Charles Ludlam Biography


(Critical Edition of Dramatic Literature)

The middle son of Joseph William Ludlam (a master plasterer) and Marjorie Braun, Charles Ludlam showed his first interest in theater at age six after he was separated from his mother at the Mineola Fair. He wandered into a Punch and Judy show and later into a freak show. At home, he watched puppet shows on television and performed in his basement. He used to go trick or treating dressed as a girl on Halloween, but when he went to a school party in women’s clothing, he caused a scandal. This led to his cross-dressing in secret, using his mother’s clothes.

As a young boy, Ludlam liked the plays of William Shakespeare and the classics. He performed in school productions and had an apprenticeship at the Red Barn Theater (1958), a Long Island summer stock company. Inspired by Julian Beck and Judith Malina’s Living Theater in Greenwich Village, he founded the Students’ Repertory Theater a thirty-two-seat space in an abandoned meeting hall above a liquor store. He was only seventeen at the time, but he directed and acted in obscure works by Japanese and Russian writers and in works by Eugene O’Neill. In 1961 he entered Hofstra University on an acting scholarship, graduating four years later, after writing (and destroying) his first full-length play, Edna Brown. By the time he graduated in 1965 with an education degree in dramatic literature, he had fully realized that he was gay and took to this lifestyle while feeding off the great cultural fermentation of rock-and-roll, happenings, experimental films, and burgeoning Off-Off-Broadway theater. He dressed in drag to play Mario Montez’s lesbian lover in a brief scene in the 1965 underground film, The Life, Death, and Assumption of Lupe Velez.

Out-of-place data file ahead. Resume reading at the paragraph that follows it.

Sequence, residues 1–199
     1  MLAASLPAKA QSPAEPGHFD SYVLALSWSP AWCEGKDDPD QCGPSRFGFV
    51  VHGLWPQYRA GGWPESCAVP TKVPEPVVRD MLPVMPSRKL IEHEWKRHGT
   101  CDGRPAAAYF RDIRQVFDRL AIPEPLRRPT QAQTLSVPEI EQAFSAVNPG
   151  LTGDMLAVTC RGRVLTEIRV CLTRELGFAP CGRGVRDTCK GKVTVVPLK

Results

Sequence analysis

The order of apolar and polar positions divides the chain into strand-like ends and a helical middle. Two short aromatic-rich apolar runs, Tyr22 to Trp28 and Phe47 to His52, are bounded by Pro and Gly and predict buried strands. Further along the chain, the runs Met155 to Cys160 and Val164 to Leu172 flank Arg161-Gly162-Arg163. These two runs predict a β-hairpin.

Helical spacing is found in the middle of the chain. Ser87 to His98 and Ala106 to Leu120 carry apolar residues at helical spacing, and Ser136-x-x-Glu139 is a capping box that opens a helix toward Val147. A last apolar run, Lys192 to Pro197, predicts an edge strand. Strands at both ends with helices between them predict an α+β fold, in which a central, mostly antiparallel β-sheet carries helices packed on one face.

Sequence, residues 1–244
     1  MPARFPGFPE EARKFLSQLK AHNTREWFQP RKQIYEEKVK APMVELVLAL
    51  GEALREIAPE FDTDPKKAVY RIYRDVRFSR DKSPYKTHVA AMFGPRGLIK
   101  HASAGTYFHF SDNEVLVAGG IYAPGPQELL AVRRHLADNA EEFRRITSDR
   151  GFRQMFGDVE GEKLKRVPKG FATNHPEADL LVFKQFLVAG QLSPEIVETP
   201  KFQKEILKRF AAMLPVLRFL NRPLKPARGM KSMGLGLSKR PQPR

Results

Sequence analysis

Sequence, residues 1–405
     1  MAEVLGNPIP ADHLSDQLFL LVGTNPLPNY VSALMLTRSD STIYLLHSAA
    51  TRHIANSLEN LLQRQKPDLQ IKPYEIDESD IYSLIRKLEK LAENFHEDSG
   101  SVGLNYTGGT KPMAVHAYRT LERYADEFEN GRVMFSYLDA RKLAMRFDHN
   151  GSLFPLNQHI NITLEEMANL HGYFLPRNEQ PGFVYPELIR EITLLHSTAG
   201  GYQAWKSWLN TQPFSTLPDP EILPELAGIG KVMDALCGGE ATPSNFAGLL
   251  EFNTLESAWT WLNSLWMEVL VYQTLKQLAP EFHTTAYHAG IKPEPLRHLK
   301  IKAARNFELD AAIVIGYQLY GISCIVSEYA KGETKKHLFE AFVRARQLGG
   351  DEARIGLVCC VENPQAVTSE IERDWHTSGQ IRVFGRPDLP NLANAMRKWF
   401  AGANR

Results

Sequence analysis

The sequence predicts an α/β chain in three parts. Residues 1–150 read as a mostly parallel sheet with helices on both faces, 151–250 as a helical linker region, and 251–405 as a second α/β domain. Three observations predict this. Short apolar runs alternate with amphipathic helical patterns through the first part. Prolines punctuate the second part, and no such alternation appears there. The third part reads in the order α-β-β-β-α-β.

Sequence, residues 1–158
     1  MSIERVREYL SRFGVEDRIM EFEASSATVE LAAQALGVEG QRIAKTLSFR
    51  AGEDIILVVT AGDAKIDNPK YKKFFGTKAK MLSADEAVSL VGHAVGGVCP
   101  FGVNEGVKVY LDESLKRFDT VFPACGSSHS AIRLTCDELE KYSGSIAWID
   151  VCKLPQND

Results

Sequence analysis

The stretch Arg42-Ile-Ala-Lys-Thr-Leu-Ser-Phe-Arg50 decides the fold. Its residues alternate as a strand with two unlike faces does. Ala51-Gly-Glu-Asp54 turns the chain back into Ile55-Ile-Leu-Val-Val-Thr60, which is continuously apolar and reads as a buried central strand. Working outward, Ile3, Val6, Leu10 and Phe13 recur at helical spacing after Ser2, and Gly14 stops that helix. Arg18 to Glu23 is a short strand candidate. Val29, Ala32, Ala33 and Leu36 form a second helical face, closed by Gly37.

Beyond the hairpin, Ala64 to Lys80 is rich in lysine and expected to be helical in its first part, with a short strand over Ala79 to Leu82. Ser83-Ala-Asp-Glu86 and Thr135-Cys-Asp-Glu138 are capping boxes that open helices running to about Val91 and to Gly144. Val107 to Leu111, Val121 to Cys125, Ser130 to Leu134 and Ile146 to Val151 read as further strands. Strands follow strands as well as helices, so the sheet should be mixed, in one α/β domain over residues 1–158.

Ludlam’s New York stage debut came in 1966, when he played Peeping Tom in Ronald Tavel’s The Life of Lady Godiva, a mixture of camp, drag, pageantry, and grotesquerie, directed by John Vaccaro at the Play-House of the Ridiculous in a loft on Seventeenth Street. He next transformed the role of Norma Desmond in Tavel’s Screen Test into an extravagant star turn and went on to write Big Hotel, staged by Vaccaro. Their collaboration, however, came to an end in 1967 when Vaccaro was fired during rehearsals for Ludlam’s When Queens...

(The entire section is 940 words.)